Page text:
Forget Everything You Know About The Maltese Awrat
Fish soup will never be the same again
There's an old wives tale in Malta stating that it's easy to recognise Maltese sea bream (awrat) since they are so easily recognisable and very different from wild and foreign stock.
However, new research indicates that this might not exactly be the case any more.
"I understand that when you gut the fish you will notice the difference because a captive fish is full of concentrates while a wild fish is not (unless it lives near a fish farm). However we never noticed a clear cut line between what was known as a ‘Maltese sea bream' and the others," says Arnold Sciberras, a researcher.
He said that the Gilt-Head sea bream is one of the most popular captive-bred species in Malta's aquaculture industry, and is a popular fish for consumption in Malta.
Knowing this, he wanted to have a look at wild and captive sea bream himself to really see if you could easily tell the difference.
"Wild stocks are extremely rare locally due to overfishing and other reasons but as researchers it was best to take the bull by the horns (or in this case the fish by the fins)," he said.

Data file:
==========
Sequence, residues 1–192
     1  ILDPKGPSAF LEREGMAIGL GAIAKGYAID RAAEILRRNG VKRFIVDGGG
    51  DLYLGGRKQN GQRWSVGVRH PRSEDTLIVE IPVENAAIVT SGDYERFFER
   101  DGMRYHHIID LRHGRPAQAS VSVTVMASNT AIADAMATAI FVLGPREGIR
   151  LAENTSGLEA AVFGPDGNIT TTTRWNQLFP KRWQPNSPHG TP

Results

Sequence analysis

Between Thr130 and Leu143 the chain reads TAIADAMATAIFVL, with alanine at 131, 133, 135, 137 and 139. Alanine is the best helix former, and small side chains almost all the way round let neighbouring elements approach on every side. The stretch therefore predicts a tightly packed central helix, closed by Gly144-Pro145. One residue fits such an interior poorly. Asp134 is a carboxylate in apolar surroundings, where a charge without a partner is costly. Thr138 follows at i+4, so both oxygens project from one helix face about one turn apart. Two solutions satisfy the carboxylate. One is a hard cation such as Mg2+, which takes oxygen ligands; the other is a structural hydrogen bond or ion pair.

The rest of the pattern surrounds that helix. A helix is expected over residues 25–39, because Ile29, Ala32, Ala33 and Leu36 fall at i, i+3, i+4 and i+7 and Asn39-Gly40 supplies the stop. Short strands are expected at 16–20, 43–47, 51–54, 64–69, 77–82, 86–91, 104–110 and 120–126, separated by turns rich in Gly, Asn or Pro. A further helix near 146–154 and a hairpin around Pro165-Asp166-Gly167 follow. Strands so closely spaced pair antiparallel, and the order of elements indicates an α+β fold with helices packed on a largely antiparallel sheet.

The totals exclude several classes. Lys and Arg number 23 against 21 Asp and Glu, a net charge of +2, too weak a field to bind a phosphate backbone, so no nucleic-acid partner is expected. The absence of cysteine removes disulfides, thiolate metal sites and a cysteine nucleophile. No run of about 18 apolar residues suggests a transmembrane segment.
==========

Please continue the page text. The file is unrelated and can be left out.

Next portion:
"After a lot of painstaking communication with countless people in the sector we finally arrived to bust the myth," he said. "From an appearance point of view there is some differences most likely due to inbreeding but genetically they are identical to the rest of the wild and foreign Mediterranean population," he said.
"So to cut the story short, we do not have a Maltese sea bream."
The research has been ongoing since 2015, with Arnold leading the project alongside Jeffrey Sciberras.
Collection and morphological studies were carried out by Arnold Sciberras and Professor Alan Deidun whilst genetic comparison was carried out by Dr Francesco Tiralungo and his colleagues. This project was carried out as a collaboration between Animal kingdom LTD, San Lucjan aquaculture centre, the University of Malta and the University of Catania.